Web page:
PEI

Why we need to rally together to leave plastic behind: Opinion

The waste we produce is being mismanaged. Even our current recycling systems are flawed to say the least, argues Omair Imtiaz.

Attitudes are changing toward plastics, Omair Imtiaz argues

'The waste we produce is being mismanaged. Even our current recycling systems are flawed.' (CBC)

Plastics have officially reached the far corners of the Earth. They're in our oceans, landfills, recycle bins — and they're piling up right here on the Island and around the globe.

Plastics have received a lot of attention recently, and rightly so: recycling plastics hasn't really been working out for us. In some municipalities, up to 80 per cent of the recyclables collected can't be recycled here in Canada. China, the largest global importer of recyclable plastics, has refused to take any more "foreign garbage" as of Jan. 1.

This is a huge problem because we've taken plastics for granted for decades. What didn't end up in landfills ended up being thrown into recycle bins and ultimately shipped off to China. As a result, an attitude of indifference toward plastics became the norm. Fast forward a few decades, and all that has changed.

The waste we produce is being mismanaged. Even our current recycling systems are flawed to say the least. Amongst recyclable plastics lies non-recyclables, garbage and even compost!

Due to growing stockpiles and a limited amount of space, we as an Island community need to work urgently to solve our plastics crisis so we can develop alternatives that will benefit people for generations to come.

In some municipalities, up to 80 per cent of the recyclables collected can’t be recycled here in Canada. (David Donnelly/CBC)

Consumers have the power

The University of Guelph is banning plastic straws and bags from its campus, McGill University is phasing out plastic water bottles and Vancouver aims to be a zero-waste community by 2040. Earlier this month, Liberal MLA Allen Roach tabled a bill in the legislature that would ban plastic bags. If this bill passes, it would make P.E.I. the first province in the country to do so.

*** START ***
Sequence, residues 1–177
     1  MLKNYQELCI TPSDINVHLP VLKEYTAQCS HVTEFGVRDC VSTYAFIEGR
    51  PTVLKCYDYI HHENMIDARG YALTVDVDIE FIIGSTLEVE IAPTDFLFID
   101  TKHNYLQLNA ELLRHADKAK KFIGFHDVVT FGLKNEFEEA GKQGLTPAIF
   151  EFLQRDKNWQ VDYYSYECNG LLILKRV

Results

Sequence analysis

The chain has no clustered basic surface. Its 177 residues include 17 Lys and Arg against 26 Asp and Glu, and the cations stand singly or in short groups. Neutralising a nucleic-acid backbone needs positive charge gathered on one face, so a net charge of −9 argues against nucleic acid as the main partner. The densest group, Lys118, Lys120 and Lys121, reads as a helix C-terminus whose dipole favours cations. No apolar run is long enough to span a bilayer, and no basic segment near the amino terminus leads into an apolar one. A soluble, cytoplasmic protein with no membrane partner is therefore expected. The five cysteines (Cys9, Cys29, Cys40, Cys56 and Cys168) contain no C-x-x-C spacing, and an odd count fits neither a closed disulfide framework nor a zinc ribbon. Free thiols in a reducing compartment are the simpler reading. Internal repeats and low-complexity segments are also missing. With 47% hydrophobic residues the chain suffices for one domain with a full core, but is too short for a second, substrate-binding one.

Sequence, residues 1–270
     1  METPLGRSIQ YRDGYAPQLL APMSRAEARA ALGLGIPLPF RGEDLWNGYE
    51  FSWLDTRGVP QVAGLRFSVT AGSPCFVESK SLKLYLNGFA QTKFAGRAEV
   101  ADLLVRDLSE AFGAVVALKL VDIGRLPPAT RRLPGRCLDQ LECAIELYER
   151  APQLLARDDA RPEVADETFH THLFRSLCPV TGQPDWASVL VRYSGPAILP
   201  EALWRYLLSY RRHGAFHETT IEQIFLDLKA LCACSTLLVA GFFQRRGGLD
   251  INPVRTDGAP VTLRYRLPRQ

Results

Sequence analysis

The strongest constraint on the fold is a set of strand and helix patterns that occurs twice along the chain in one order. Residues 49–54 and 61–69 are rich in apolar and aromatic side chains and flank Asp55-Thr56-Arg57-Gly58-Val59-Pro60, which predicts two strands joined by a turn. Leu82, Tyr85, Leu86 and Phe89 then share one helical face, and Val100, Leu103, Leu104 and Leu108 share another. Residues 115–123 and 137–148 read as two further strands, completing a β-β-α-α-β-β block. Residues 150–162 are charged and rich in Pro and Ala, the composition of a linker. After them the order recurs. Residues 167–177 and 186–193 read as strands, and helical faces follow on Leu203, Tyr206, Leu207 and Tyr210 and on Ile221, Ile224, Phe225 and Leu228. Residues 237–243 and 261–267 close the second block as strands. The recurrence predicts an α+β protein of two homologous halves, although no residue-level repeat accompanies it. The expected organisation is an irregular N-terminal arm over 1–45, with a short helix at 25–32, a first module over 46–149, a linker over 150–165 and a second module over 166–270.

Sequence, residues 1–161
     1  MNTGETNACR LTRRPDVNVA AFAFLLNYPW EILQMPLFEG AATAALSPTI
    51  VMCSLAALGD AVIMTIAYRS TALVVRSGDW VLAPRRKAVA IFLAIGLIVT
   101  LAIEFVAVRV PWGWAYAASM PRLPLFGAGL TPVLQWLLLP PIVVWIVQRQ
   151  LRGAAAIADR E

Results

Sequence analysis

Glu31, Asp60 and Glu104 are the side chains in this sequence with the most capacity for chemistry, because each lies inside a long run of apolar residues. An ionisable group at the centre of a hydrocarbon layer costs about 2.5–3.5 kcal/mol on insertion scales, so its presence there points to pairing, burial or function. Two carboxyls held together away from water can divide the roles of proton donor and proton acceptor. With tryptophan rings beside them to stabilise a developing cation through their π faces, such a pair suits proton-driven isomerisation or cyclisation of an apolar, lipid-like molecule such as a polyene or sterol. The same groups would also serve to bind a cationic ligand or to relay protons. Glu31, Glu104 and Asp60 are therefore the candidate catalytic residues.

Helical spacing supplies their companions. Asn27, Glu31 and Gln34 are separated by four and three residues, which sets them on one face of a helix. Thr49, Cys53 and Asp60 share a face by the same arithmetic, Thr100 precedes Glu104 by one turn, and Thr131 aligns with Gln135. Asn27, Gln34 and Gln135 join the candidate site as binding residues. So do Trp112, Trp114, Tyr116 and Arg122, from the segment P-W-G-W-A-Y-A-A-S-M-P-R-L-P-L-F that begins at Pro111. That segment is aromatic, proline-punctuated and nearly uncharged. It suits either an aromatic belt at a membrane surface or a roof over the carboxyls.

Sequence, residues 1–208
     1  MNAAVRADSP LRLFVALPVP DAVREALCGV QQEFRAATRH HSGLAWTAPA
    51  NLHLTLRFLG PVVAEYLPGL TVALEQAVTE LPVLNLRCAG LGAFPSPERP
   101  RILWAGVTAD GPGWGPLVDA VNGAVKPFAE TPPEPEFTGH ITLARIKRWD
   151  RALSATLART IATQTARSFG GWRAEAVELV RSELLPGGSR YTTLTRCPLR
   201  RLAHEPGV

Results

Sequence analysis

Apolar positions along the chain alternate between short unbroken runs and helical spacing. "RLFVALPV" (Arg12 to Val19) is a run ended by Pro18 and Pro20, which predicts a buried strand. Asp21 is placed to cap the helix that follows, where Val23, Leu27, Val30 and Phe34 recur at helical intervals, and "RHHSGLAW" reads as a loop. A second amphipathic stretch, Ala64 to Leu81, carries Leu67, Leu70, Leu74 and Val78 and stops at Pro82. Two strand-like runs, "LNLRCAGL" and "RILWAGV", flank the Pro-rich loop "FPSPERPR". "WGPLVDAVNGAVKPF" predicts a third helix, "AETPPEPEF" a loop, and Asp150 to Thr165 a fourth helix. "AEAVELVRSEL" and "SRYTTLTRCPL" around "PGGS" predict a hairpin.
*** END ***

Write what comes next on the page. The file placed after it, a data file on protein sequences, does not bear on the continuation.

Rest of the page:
We as consumers have the power to make a difference by the choices we make every day. Yes, the responsibility should also fall on industry — but we have the power to consciously eliminate single-use plastics. You can buy reusable straws, coffee mugs, and grocery bags. You can also speak up — ask stores, institutions and policy-makers to give up single-use plastics like plastic liners, bags, straws, cups, take-out containers, and bottles.

Due to growing stockpiles and a limited amount of space, we as an Island community need to work urgently to solve our plastics crisis, argues Omair Imtiaz. (Mary-Catherine McIntosh/CBC)

Can we come up with more innovative applications for alternative uses for the plastic that is already created? Can we as Prince Edward Islanders rally together to leave plastic behind? I sure hope so — the question is, will you?

This column is part of CBC's Opinion section. For more information about this section, please read this editor's blog and our FAQ.

ABOUT THE AUTHOR

Omair Imtiaz was born and raised in Dubai. He moved to the Maritimes in 2007 to further his education in biology and health care. He volunteers with various outreach programs to fundraise for cancer and The Heart and Stroke Foundation. His interests include bringing people together, social justice and inclusion. His hobbies include cycling, kayaking, photography, travelling and exploring the Island.

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